Some people believe that the crisis the country has faced is for the best, as an upheaval was truly needed. Time will tell if the government can convince its people and the world that it can be trusted. Meanwhile, there are a lot of needy people in this region who need to see the love of Christ in action.
It’s about time for an update, you may be thinking. Sorry folks, both laptops were out of action, as well as ourselves, to an extent, with really nasty colds. I (Linsey) am much better and relieved it has passed. Sinus pain is nasty, and I have a new respect for those suffering with sinusitis. Antonio and Daniel are not quite 100% yet but better than they have been.
We have much to be grateful for at the moment, not least for the progress and provision for the roof to go on the workshop and the flooring having been laid. It is amazing how God provides people from various corners to help just when we really need it. Daniel now has several buddies at the construction material shops as he is there so often. Wherever we go, he likes to explain what his material is for, with the hope of getting a discount, of course, but also to share his faith and see what the response is from the employee. He came across one chap, Junior, who is also a Christian and he offered to take a look at the building site. He stopped off one day after work and gave some very useful advice about how to put the roof tiles on and how much weight he felt the columns could support, which essentially changed our plans for the roof at the last minute. It’s not always easy to get good, honest advice and we were thankful for his input.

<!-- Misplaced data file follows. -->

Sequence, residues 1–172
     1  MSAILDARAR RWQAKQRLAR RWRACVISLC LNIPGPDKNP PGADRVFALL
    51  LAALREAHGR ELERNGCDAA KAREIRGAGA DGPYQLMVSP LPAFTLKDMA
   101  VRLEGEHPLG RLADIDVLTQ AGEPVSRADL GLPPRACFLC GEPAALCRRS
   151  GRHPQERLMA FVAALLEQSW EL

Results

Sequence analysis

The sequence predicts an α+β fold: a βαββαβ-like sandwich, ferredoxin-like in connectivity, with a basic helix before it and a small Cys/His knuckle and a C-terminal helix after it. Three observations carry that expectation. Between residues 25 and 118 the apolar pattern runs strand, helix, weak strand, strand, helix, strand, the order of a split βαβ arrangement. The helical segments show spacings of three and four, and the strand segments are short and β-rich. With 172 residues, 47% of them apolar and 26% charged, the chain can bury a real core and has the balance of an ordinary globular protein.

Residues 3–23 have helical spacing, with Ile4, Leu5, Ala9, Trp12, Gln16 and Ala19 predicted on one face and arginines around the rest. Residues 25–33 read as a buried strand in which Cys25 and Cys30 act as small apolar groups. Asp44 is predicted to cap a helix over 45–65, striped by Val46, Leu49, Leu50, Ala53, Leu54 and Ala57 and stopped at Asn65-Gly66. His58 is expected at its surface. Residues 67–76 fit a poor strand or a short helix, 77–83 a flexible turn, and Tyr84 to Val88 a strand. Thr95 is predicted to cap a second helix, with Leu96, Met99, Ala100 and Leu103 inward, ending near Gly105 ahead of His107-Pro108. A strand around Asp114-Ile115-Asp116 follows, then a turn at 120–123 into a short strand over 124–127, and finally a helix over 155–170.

Once all the materials were collected with the help of a loan of a trailer from our friend, Pedro, from the church, the roof was on before the end of the day.
Daniel hurriedly collecting the sky light tile between a hospital appt for Linsey and collecting Antonio from school!
Local builders put the roof on
The roof tilee attach to the beams Daniel, Pedro and his brother, Manoel, welded.
The complete roof cover for the workshop
We we’re invited to a wedding anniversary celebration lunch for Raimundinho and Iraneide, the leaders of the recovery house we often team up with, Casa de Davi, or David’s House. We managed to arrange a day for Raimundinho to come and lay the concrete floor. He happens to be a builder, which is super providencial!
The very loud cement mixer rented for a few days